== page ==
Experimental Evaluations of Internal Losses in ‘Miller’ Mixing Inlet Used to Enable Constant Flow Rate to a Cascade Impactor Whilst Allowing an Inhaler to be Tested for Emitted Aerosol Aerodynamic Particle Size Distribution (APSD) with Realistic Breathing Profiles

Cooper A1, Slator L2, Mitchell JP3 & Svensson, M4

1 Kindeva Drug Delivery, Derby Road, Loughborough, LE11 5SF, UK

2 Philips, Chichester Business Park, City Fields Way, Tangmere, Chichester PO20 2FT, UK

3 Jolyon Mitchell Inhaler Consulting Services Inc., 1154 St. Anthony Road, London, N6H 2R1, Canada

4 Emmace Consulting AB, Scheelevägen 22, 223 63 Lund, Sweden


The ‘Miller’ design of mixing inlet enables a cascade impactor to operate at constant flow rate whilst the inhaler-on-test can be evaluated at varying flow rates.  Two studies forming part of a cross-industry assessment of mixing inlet internal losses are reported, the first evaluating continuous medication delivery of salbutamol via a nebulizer, the other examining bolus delivery of pMDI-actuated beclomethasone dipropionate (BDP). The nebulizer was subjected to a standard adult breathing profile (inspiratory/expiratory ratio = 1:1; tidal volume = 500 ml; respiration frequency = 15/min; peak inspiratory flow rate = 24 L/min).  The pMDI was sampled at 30 L/min without mixing inlet and then at 40, 60 and 90 L/min with 10, 30 and 60 L/min compressed air added to the side-arm of the mixing inlet. In the nebulizer study, total mass recovered from a Next Generation Impactor (NGI) was 569.3 ± 82.2 μg.  Average losses in the mixing inlet therefore represented 0.26% of the mass recovered from the impactor. In the pMDI study, total mass recovered from the NGI components was 78.1 ± 2.0 μg BDP/actuation, and the mass recovered from the mixing inlet interior surfaces was 0.6 ± 0.2 μg BDP/actuation for measurements at 40, 60 and 90 L/min. Internal losses within the ‘Miller’ mixing inlet are <1% of the total mass of medication sampled by the impactor, and, from the pMDI study, these losses did not change significantly when the flow rate was increased through the mixing inlet to the impactor from 40 to 90 L/min.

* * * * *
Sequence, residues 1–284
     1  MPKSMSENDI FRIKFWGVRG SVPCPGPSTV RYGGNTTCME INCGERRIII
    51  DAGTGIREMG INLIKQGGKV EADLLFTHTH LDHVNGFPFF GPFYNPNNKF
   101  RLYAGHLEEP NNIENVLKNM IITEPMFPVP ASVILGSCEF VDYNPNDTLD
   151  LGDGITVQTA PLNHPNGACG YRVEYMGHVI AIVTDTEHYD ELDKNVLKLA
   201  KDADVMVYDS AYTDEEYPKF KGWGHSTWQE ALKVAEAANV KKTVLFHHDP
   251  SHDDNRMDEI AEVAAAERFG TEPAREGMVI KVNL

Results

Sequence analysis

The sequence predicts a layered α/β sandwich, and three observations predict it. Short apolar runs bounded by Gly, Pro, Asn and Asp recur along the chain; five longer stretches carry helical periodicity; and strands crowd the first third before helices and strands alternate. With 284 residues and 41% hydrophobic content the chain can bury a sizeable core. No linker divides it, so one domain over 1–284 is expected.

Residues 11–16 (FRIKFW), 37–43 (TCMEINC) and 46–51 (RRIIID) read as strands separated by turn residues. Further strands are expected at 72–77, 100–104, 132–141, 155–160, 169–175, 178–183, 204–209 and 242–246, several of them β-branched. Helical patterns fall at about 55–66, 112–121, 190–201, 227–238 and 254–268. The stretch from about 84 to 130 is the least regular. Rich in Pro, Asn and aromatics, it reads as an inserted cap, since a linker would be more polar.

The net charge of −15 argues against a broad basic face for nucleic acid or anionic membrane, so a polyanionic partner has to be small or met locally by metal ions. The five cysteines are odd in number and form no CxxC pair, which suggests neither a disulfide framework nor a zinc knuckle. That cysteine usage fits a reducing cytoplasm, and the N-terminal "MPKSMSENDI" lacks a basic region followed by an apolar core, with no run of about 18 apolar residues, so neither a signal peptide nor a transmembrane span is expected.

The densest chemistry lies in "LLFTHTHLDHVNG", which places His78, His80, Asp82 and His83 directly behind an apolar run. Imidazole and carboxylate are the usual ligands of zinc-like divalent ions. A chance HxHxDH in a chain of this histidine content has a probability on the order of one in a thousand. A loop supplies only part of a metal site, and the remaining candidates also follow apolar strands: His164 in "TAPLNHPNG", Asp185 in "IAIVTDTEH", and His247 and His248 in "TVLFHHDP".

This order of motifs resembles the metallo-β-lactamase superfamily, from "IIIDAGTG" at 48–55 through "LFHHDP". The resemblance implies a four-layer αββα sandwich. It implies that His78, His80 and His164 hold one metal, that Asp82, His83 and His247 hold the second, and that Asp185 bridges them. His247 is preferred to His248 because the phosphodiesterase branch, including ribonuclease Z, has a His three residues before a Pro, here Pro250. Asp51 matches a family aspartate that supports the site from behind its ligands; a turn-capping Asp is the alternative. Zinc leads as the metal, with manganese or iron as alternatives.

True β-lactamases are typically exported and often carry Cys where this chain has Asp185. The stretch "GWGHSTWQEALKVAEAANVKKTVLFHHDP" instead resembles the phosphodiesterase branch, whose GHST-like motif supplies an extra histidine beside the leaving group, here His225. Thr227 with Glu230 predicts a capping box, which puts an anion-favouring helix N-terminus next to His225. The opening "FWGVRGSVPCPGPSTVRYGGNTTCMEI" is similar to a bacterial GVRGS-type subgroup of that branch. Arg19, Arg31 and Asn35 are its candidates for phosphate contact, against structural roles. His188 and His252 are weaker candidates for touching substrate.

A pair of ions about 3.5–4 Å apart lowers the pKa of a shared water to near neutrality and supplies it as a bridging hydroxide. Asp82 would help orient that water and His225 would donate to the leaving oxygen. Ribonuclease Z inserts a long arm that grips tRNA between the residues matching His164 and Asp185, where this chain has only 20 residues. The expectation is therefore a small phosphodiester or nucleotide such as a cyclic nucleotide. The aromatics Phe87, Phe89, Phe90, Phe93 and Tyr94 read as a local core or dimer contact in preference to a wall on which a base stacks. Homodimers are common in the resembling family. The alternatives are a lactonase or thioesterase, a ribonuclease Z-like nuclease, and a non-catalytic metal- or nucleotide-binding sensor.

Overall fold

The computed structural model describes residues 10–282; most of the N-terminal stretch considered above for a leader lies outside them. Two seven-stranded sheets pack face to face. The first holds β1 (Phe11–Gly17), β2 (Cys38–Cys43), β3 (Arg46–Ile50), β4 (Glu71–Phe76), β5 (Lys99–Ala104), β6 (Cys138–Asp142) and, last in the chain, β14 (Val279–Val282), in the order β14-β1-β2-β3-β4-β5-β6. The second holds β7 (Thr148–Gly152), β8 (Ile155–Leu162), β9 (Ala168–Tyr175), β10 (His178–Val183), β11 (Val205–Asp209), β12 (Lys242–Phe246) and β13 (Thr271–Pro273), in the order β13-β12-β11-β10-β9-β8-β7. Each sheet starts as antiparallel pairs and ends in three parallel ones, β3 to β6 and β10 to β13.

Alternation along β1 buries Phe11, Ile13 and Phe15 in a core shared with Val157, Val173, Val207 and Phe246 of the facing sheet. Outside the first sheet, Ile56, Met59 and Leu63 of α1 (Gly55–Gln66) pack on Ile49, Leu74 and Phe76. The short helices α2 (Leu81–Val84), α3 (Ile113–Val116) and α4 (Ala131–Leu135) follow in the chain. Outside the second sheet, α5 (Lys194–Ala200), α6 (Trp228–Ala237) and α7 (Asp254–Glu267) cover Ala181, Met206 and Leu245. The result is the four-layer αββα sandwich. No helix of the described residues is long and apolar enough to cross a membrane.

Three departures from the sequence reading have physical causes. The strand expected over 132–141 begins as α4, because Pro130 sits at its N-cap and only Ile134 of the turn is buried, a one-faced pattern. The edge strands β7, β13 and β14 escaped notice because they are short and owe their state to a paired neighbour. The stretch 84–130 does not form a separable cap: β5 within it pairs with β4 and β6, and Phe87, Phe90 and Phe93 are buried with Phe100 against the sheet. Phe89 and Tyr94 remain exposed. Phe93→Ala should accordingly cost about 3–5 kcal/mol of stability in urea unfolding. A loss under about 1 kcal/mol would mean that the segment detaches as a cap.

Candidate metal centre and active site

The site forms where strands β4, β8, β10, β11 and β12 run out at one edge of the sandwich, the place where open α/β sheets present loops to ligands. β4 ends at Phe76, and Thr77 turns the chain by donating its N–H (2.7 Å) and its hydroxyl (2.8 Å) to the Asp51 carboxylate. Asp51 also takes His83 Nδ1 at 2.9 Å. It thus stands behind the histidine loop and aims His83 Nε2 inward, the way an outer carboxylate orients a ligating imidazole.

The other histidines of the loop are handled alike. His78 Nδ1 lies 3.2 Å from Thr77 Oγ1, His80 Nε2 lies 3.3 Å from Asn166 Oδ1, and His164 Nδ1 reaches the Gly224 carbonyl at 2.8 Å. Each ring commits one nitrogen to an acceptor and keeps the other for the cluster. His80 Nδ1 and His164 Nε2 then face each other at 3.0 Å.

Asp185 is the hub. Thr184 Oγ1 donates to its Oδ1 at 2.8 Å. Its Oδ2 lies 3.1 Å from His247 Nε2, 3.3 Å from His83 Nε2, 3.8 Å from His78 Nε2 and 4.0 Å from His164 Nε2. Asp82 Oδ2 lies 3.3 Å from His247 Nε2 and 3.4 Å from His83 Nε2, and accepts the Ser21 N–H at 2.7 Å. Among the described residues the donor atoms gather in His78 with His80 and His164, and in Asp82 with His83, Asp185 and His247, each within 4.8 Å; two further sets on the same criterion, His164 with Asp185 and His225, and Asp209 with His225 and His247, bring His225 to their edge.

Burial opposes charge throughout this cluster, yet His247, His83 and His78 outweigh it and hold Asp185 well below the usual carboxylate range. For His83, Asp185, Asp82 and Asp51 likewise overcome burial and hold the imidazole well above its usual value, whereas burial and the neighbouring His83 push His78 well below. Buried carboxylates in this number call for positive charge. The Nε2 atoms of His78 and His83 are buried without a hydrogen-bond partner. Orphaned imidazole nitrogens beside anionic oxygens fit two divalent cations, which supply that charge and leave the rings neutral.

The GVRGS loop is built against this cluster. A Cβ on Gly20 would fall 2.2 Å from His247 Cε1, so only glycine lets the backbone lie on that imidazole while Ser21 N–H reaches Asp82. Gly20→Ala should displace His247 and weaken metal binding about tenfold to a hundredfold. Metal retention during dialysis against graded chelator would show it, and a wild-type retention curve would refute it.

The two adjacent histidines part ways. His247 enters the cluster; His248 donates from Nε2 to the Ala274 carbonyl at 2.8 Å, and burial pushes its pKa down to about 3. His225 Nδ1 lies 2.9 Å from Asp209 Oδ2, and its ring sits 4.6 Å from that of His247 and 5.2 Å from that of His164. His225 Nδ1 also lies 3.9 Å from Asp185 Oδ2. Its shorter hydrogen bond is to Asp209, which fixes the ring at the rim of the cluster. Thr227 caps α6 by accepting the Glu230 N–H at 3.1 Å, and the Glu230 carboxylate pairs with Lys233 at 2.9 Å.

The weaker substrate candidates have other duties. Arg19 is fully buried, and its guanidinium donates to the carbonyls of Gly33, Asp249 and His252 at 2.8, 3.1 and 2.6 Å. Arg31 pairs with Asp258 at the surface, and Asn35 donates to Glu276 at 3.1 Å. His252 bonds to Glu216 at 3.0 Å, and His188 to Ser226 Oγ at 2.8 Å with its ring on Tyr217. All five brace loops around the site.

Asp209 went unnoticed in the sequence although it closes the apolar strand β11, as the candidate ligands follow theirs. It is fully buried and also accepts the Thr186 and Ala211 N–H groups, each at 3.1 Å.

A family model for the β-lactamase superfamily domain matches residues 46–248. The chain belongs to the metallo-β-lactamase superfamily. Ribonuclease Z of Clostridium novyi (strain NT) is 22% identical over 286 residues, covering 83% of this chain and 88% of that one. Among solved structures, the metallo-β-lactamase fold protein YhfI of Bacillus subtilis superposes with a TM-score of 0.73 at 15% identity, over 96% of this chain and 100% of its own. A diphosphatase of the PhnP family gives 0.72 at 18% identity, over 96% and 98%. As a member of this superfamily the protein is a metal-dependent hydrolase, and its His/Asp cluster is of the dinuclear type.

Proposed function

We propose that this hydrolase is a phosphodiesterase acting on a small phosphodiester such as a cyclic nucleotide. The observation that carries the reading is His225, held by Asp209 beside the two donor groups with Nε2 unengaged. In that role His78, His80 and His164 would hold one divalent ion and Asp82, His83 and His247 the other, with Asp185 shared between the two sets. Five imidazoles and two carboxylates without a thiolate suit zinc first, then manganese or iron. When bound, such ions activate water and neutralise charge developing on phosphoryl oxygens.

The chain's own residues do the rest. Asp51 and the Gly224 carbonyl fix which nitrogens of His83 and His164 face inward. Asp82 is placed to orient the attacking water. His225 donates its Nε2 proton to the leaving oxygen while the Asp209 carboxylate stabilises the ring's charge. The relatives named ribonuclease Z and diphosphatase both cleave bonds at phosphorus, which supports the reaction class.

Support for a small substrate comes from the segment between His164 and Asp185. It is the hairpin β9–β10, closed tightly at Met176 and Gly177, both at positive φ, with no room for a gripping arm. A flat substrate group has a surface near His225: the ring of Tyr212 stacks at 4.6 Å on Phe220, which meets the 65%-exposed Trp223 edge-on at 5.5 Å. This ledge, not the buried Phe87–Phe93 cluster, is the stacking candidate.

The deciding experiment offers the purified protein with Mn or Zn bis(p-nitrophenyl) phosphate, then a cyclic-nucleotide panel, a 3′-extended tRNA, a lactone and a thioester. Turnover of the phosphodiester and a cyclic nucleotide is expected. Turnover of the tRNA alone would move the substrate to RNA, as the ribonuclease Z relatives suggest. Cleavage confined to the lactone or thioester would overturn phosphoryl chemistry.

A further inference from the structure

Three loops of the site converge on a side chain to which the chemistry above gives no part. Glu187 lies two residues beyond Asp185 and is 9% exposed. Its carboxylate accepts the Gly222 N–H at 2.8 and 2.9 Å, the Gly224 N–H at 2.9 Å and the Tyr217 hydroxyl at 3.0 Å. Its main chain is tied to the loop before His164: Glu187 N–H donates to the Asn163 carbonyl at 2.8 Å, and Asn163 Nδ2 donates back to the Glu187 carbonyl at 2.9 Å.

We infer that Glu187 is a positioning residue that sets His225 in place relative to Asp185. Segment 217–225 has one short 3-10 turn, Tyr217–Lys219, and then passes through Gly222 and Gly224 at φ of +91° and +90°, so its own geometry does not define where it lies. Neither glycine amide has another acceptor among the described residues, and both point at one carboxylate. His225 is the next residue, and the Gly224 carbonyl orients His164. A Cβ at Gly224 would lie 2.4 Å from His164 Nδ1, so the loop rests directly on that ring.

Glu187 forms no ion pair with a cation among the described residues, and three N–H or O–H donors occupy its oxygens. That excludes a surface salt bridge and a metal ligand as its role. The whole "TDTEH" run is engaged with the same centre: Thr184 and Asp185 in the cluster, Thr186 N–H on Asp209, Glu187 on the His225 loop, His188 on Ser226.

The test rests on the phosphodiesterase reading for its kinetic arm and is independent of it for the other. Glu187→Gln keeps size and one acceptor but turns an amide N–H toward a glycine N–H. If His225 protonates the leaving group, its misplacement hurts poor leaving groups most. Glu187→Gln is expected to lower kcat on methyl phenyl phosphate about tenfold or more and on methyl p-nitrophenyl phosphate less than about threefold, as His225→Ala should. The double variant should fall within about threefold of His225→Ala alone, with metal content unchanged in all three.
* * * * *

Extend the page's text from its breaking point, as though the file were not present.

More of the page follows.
Key Message

The ‘Miller’ mixing inlet enables a cascade impactor to operate at constant flow rate for emitted aerosol aerodynamic particle size distribution (APSD) determination whilst an inhaler-on-test can be evaluated mimicking patient breathing. Our cross-industry study evaluated internal losses within such mixing inlets, testing a representative nebulizer and a pMDI product.